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2014 Ned K. Johnson Young Investigator Award

The Ned K. Johnson Young Investigator Award, given by the AOU, recognizes work by an ornithologist early in his/her career who shows distinct promise for future leadership in the profession. The award consists of a framed certificate and an honorarium provided by the Ned K. Johnson Young Investigator Fund, which was established through a gift to the society's endowment honoring Ned K. Johnson, a lifelong supporter and former President (1996–1998) of the AOU.

aou-johnson-award-jahn-2014.jpgThe AOU is pleased to present Dr. Alex Jahn with the 2014 Ned K. Johnson Young Investigator Award.

Alex’s passion is austral migration—a stunningly neglected topic. More than 98% of papers published on bird migration focus on migrants that breed in North America and Eurasia, despite the incredible diversity of migrants in South America. Alex charged into this void.

Alex chose to study migration in the Chaco region of Bolivia for his Master’s work at the University of Arkansas. His Ph.D. at the University of Florida focused on partial migration of Tropical Kingbirds that breed in Bolivia. During this time, he discovered that well-supported hypotheses to explain partial migration in North America do not apply in South America. Thus, his results firmly rejected hypotheses that are taken for granted by practically all ornithologists. In short, Alex argues that seasonality of temperature drives migration in the Northern Hemisphere, whereas seasonality of rainfall drives migration in the Southern Hemisphere.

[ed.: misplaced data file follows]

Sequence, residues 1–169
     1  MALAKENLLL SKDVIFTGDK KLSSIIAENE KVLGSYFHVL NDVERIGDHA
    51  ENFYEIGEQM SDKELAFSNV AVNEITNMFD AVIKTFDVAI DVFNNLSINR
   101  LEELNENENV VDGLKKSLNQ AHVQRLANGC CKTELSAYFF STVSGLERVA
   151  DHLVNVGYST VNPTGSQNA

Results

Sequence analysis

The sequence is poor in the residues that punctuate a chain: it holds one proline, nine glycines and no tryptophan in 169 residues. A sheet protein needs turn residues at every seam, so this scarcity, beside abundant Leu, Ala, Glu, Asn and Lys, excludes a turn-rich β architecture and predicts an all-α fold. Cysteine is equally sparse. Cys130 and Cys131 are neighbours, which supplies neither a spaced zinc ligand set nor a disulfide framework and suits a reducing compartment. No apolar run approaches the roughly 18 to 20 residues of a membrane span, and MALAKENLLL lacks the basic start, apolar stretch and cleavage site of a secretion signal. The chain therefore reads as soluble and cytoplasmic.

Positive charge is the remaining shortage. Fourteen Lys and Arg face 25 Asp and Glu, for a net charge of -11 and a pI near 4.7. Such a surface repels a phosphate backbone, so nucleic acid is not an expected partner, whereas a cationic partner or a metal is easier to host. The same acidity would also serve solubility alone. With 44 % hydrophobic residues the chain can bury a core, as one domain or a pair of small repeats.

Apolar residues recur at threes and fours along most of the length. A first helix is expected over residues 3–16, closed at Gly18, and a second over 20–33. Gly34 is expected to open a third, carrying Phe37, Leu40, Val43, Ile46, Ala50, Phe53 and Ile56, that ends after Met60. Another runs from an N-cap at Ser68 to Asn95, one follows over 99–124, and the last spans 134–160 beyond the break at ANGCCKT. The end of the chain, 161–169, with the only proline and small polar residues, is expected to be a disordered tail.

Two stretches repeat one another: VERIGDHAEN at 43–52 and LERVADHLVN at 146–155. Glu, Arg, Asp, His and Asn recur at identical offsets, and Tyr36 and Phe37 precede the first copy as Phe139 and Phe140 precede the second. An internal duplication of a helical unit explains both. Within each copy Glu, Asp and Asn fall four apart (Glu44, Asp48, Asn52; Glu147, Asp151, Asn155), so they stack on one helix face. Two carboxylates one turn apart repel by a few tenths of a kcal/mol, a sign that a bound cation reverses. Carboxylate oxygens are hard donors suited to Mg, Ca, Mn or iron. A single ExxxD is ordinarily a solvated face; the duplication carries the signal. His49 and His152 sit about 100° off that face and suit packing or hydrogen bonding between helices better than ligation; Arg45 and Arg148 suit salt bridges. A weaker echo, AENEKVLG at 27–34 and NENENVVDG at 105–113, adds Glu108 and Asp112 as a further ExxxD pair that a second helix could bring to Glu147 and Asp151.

Alex’s unusually broad perspective on migration is widely sought out. He has written two reviews on austral migration: one in Ecological Monographs, one in Ecological Applications. In 2013, Alex was the first author on two groundbreaking papers in The Auk that used geolocators to provide the first documentation of a migratory passerine’s annual movements in South America. He is a also a co-author of the forthcoming Birds of Bolivia Field Guide. The National Geographic Society has recognized the unusual scope of his work with two Research Grants.

In summary, Alex has truly been a leader in the study of bird migration in Latin America and certainly has a bright future ahead of him. The AOU is so pleased and proud to name him as our Young Investigator of 2014.

Photo courtesy of Vanesa Bejarano.

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